Volunteering for ‘religious and belief’ organisations and working with ‘groups aimed at supporting older people’ increased with age, as did volunteering with ‘local community or neighbourhood’ organisations.

Table 11.7: Types of groups, clubs or organisations for which adults provided unpaid help for in the last 12 months by gender and age
Percentages, 2018 data

Adults who did voluntary work in the last 12 months Men Women Identified in another way 16 to 24 25 to 34 35 to 44 45 to 59 60 to 74 75 plus All
Children’s education and schools 13 26 * 17 21 39 21 10 4 20
Youth or children’s activities outside school 22 25 * 40 23 33 26 11 9 24
Health, disability and wellbeing 16 18 * 16 15 14 20 19 15 17
Physical activity, sport and exercise 19 11 * 16 14 15 18 12 6 15
Local community or neighbourhood 21 21 * 11 14 20 21 29 27 21
Religion and belief 13 17 * 7 9 12 13 25 29 15
Hobbies and recreation 20 12 * 19 16 10 16 17 20 16
Groups aimed at supporting older people 5 8 * 2 3 4 8 9 11 7
Politics 4 3 * 4 4 2 4 3 3 3
Trade Unions, justice and human rights 5 3 * 6 7 3 4 3 4 4
Environmental protection 6 5 * 5 4 5 7 7 3 6
Culture and heritage 6 5 * 3 3 5 5 9 8 5
Emergency services, first aid and public safety 3 3 * 3 3 3 3 2 2 3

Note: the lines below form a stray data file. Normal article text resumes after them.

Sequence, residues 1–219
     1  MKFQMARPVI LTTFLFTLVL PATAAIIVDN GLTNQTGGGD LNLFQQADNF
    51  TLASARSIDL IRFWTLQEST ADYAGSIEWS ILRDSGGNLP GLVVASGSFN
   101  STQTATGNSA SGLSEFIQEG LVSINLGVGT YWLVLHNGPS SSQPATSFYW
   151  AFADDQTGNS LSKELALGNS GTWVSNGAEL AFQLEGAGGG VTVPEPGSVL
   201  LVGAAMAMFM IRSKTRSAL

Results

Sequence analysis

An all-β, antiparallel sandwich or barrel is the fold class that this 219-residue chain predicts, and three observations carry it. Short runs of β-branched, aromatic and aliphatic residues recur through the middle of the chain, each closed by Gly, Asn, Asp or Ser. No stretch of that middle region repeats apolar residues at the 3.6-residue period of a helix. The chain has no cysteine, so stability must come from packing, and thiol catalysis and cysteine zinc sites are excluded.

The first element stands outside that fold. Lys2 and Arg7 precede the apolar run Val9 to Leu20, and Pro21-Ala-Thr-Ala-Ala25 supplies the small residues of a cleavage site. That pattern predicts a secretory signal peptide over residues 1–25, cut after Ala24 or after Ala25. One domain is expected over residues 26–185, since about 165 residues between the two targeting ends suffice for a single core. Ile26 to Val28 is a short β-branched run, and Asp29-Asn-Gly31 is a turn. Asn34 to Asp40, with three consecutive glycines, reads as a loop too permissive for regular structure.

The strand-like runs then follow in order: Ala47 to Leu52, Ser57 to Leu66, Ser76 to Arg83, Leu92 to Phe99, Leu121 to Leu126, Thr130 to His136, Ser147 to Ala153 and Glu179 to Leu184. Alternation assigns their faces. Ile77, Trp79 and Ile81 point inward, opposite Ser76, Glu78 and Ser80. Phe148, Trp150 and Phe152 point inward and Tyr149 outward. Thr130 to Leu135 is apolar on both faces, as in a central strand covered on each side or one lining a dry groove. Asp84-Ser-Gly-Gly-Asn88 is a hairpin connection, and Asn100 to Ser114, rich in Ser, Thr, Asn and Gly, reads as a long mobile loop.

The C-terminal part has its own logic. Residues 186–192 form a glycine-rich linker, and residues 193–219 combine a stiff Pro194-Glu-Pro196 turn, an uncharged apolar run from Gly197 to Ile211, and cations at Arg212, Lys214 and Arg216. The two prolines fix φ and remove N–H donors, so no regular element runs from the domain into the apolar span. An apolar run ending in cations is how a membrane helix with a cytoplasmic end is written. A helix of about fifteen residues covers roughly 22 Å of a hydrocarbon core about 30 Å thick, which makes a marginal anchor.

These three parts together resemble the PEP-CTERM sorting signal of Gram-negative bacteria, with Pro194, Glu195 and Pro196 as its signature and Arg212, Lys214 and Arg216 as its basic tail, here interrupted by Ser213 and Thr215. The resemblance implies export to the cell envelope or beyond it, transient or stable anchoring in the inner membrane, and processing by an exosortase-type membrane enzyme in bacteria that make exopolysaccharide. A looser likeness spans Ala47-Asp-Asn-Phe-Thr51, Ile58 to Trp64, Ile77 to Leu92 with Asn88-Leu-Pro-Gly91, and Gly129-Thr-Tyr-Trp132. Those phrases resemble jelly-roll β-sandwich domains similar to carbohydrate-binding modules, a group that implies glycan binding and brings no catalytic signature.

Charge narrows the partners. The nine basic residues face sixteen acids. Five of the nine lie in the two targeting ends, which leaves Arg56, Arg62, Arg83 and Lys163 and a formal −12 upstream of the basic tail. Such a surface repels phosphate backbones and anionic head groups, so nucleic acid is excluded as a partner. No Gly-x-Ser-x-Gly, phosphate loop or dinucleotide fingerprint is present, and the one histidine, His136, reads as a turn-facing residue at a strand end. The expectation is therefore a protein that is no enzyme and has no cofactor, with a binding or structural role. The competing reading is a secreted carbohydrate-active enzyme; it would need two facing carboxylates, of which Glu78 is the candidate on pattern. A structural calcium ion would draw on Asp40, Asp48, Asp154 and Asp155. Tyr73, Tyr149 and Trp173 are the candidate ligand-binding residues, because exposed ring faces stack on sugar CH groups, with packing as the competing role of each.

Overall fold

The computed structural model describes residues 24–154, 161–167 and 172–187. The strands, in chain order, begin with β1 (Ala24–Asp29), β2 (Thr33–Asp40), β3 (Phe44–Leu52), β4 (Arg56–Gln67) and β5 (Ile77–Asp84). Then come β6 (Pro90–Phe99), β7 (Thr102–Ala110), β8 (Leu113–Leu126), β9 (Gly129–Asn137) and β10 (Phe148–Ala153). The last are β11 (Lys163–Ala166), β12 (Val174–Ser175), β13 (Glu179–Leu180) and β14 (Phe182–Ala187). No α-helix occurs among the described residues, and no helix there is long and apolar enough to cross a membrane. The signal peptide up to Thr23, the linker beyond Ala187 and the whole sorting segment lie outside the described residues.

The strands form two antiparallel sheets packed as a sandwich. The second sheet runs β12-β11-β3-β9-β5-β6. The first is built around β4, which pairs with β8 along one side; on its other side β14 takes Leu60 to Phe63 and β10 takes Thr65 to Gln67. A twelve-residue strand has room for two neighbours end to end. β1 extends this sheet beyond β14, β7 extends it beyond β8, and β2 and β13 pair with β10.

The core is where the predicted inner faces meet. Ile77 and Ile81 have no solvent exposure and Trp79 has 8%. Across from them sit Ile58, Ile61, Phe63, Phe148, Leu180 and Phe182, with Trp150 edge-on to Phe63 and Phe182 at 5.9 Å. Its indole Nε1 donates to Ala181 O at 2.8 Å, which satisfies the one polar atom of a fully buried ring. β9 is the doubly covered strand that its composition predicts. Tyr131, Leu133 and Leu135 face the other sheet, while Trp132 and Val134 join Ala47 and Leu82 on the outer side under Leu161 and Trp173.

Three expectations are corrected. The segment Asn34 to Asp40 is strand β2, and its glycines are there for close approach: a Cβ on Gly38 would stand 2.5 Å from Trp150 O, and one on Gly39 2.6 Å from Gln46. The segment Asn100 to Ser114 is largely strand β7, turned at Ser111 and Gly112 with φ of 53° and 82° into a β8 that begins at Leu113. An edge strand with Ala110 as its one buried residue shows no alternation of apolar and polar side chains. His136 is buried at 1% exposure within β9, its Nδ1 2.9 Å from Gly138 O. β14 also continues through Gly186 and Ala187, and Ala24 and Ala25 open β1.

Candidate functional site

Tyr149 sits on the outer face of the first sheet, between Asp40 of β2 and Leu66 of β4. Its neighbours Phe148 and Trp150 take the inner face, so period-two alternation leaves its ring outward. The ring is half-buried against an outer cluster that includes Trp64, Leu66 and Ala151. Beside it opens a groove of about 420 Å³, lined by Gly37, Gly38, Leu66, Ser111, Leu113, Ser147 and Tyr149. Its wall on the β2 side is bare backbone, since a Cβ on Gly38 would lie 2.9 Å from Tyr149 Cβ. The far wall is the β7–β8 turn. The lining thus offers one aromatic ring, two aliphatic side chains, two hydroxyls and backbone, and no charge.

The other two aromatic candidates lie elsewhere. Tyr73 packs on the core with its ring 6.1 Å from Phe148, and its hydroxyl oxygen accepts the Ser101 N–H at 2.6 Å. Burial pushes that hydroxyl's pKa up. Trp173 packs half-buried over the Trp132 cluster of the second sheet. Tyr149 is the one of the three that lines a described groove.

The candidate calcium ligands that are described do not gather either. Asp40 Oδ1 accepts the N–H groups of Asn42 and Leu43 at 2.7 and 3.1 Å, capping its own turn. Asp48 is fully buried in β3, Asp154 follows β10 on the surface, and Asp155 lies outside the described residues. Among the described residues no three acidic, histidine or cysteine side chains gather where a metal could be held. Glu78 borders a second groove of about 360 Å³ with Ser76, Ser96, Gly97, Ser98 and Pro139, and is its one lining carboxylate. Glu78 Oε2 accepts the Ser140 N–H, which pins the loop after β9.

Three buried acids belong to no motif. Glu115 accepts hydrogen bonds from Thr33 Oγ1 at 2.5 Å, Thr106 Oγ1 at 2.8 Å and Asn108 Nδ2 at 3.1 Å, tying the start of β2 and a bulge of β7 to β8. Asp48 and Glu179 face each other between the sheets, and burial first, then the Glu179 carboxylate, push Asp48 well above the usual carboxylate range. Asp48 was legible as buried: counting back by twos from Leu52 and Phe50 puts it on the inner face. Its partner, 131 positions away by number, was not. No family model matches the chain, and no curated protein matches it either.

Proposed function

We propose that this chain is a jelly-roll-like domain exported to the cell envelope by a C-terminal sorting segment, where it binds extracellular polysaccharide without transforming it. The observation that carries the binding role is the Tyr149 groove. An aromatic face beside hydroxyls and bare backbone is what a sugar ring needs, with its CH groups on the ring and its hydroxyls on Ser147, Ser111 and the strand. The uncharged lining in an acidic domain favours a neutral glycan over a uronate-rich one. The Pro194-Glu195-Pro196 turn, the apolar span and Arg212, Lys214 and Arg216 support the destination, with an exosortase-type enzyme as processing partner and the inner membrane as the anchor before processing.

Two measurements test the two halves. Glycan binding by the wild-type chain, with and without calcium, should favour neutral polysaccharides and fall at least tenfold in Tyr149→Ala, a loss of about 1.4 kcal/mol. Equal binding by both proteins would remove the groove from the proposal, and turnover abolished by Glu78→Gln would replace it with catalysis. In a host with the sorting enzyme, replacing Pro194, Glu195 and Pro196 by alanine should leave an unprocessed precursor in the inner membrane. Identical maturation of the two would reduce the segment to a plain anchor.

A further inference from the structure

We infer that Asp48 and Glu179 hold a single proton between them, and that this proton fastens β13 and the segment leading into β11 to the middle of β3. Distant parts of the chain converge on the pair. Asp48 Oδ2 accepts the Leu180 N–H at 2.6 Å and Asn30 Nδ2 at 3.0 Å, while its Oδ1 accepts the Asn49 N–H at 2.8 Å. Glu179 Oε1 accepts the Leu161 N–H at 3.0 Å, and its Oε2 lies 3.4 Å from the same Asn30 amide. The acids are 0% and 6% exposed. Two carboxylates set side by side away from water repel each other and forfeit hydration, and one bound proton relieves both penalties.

Adult guidance, advice and learning 5 5 * 2 4 5 5 7 3 5
Animal welfare 4 7 * 7 6 5 8 4 3 6
Other 1 1 * 1 0 1 1 1 2 1
None 0 0 * 1 - - 0 - - 0
Don't know 1 3 * 3 2 2 2 2 3 2
Base 1,070 1,520 0 170 310 450 670 740 260 2,590

Table 11.8> shows the type of unpaid work or activities that adults undertook on behalf of the group, club or organisation they gave the most help to in the last 12 months. The most common unpaid activity was ‘generally helping out as required’, with 55 per cent of adults who volunteered doing this type of activity. In terms of more specific roles, 28 per cent of adults helped by ‘fundraising’, 25 per cent helped by ‘acting as a committee member or Trustee’, and 21 per cent helped by undertaking ‘office or administrative work’ and ‘providing education, training or coaching’.

A higher proportion of women (10 per cent) were involved in ‘visiting, buddying or befriending’ compared to men (seven per cent). A higher proportion of men were involved in ‘providing education, training or coaching’ (24 per cent) compared to women (19 per cent). A higher proportion of men (17 per cent) were also involved in ‘providing advice, support or advocacy’ compared to women (12 per cent).

After ‘generally helping out as required’ the next most common activity across all age groups under 60 was ‘fundraising.’ Being involved in ‘providing education, training or coaching’ was most common for the 16 to 24 age group (29 per cent) and the 25 to 34 age group (25 per cent), whereas ‘acting as a committee member or Trustee’ was most common for older age groups (36 per cent for those over 60 years of age).

Table 11.8: Types of unpaid activity adults have undertaken in the last 12 months by gender and age
Percentages, 2018 data

Adults who did voluntary work in the last 12 months Men Women Identified in another way 16 to 24 25 to 34 35 to 44 45 to 59 60 to 74 75 plus All